For Nike it was Air. For Adidas it was Boost. And now, for Reebok, it’s liquid.
Reebok just unveiled its latest footwear innovation, a process of assembling sole technology by using 3D printing to create dynamic outsoles that are as responsive as they are shapely.
Here’s how the process works: A viscous liquid is piped onto a flat surface, creating something of a flexible, rubberized sculpture that is applied to the sole of a shoe, wrapping from the bottom up to the upper and then into the lacing system to create a flexible exterior cage that moves with the wearer with every step, changing shape as needed.
In some ways, this is unprecedented. Nike and Adidas have publicly played with making shoes in new ways, but Reebok has officially taken the lead in 3D printing with this technology, which has been dubbed “3D drawing.” The entire process has been perfected as a part of the launch of Reebok’s “Liquid Factory” banner, under the auspices of which a new Rhode Island-based factory is set to open.
“Footwear manufacturing hasn’t dramatically changed over the last 30 years,” explains Bill McInnis, Head of Future at Reebok (coolest department name ever), who happens to be a former NASA engineer. “Every shoe, from every brand, is created using molds—an expensive, time-consuming process. With Liquid Factory, we wanted to fundamentally change the way that shoes are made, creating a new method to manufacture shoes without molds. This opens up brand new possibilities both for what we can create, and the speed with which we can create it.”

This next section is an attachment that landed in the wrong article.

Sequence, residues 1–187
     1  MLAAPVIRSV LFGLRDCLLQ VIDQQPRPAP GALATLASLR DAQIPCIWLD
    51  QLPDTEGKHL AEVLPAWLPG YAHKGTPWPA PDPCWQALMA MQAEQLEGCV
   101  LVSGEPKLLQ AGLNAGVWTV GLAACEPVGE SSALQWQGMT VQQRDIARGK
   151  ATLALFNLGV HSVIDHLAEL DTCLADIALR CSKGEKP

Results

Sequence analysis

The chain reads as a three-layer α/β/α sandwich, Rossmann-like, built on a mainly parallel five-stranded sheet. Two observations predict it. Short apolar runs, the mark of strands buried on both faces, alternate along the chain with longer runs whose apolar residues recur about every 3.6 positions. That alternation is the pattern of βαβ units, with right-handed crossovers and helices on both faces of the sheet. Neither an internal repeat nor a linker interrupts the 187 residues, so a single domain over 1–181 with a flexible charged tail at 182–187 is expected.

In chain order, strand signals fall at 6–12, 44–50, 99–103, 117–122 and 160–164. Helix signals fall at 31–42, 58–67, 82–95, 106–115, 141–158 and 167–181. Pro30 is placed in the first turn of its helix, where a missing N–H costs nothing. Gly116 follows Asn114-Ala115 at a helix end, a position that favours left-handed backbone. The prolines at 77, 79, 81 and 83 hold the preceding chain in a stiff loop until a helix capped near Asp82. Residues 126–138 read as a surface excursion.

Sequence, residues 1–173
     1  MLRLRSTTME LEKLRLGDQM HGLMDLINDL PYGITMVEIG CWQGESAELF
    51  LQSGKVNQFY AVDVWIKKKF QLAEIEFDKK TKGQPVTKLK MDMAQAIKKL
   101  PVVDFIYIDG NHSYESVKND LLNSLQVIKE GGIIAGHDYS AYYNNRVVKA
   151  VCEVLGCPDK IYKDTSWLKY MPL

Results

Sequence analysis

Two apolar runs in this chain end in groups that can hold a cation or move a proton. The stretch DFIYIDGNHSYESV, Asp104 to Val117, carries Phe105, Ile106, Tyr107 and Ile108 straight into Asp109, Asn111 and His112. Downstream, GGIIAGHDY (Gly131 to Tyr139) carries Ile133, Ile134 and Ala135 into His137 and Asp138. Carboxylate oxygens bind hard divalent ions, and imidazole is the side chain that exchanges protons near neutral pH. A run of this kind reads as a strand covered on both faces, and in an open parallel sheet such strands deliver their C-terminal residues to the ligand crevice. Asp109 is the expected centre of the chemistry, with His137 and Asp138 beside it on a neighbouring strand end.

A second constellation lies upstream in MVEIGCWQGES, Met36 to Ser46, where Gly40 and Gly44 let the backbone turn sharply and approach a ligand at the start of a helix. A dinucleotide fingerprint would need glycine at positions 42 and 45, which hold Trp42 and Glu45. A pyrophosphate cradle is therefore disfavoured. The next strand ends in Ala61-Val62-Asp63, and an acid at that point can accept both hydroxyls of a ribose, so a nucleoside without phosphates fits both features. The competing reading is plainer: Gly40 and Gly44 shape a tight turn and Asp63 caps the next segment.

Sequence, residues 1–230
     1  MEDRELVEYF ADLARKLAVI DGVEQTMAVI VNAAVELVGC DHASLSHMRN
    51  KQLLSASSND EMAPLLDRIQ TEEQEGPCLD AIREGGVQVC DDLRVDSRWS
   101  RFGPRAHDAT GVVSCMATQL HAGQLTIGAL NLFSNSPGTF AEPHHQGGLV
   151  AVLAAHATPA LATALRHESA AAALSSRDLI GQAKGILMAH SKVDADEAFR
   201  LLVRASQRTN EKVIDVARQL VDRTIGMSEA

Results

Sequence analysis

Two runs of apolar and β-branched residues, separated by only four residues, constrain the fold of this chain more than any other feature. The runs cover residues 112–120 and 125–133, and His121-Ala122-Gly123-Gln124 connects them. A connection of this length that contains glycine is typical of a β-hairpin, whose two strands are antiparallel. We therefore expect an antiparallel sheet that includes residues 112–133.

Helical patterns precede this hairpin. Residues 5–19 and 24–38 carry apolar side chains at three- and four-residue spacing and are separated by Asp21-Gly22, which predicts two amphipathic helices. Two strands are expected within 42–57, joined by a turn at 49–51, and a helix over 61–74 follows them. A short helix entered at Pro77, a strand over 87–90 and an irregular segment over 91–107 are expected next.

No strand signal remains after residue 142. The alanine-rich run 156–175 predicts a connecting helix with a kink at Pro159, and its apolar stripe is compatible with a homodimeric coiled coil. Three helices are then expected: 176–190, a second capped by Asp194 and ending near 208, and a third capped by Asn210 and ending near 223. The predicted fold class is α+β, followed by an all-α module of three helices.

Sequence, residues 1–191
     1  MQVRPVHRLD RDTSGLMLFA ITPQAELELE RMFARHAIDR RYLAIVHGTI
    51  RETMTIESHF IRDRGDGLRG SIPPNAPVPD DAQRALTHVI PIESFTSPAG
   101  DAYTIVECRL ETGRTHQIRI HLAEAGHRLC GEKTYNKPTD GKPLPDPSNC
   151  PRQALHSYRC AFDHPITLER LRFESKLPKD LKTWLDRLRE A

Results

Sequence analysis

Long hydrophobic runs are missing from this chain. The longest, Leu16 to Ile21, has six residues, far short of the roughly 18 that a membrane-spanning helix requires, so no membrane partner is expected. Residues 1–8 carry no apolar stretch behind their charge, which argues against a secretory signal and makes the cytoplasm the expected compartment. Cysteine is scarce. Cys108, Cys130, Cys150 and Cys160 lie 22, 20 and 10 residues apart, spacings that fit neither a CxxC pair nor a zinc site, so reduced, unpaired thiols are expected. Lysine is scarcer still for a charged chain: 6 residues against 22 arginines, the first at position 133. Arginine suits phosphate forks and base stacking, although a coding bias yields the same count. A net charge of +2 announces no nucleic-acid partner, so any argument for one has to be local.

If this news sounds familiar, it should. Adidas just announced its own Speedfactory, set to open in Georgia in 2017. That came after Nike committed to bringing 10,000 jobs to U.S. shores in the next decade. We speculated that Adidas’ movement on this issue might put pressure on Nike to expedite the process, but already Reebok has taken the initiative, making sneaker production a more homegrown process. If creating American manufacturing jobs becomes the next big trend in footwear, that’s something we can really get behind.
“With this new process, we were able to program robots to create the entire shoe outsole, without molds, by drawing in layers with a high-energy liquid material to create the first ever energy-return outsole, which performs dramatically better than a typical rubber outsole,” McInnis says. “The all new Liquid Factory process is also used to create a unique fit system that stretches and molds around the foot, providing a three-dimensional fit.”
The Liquid Speed is just the first sneaker that Reebok has developed to use this technology—and we can expect the brand to take it further. There has never been a more exciting time in footwear than right now. The latest sneaker boom has forced companies to search out entirely novel ways to create and manufacture shoes, pushing the boundaries first of what was expected and now of what’s (arguably) acceptable.
If you told hardcore sneaker aficionados four years ago that they’d been running on 3D-printed outsoles from Reebok, they wouldn’t bother responding. But while we were looking somewhere else, Reebok quietly created the most exciting advancement in sneaker technology this year. This is why you’ve got to stay paying attention.
Reebok’s Rhode Island Liquid Factory is set to open early next year, but if the shoes shown in Reebok’s video are your jam, there’s no need to wait that long: The Liquid Speed is available now. There are only 300 pairs of the shoe available, and they’re live now through reebok.com and FinishLine.
Act fast. Each pair is individually numbered, tagged, and boxed for the record.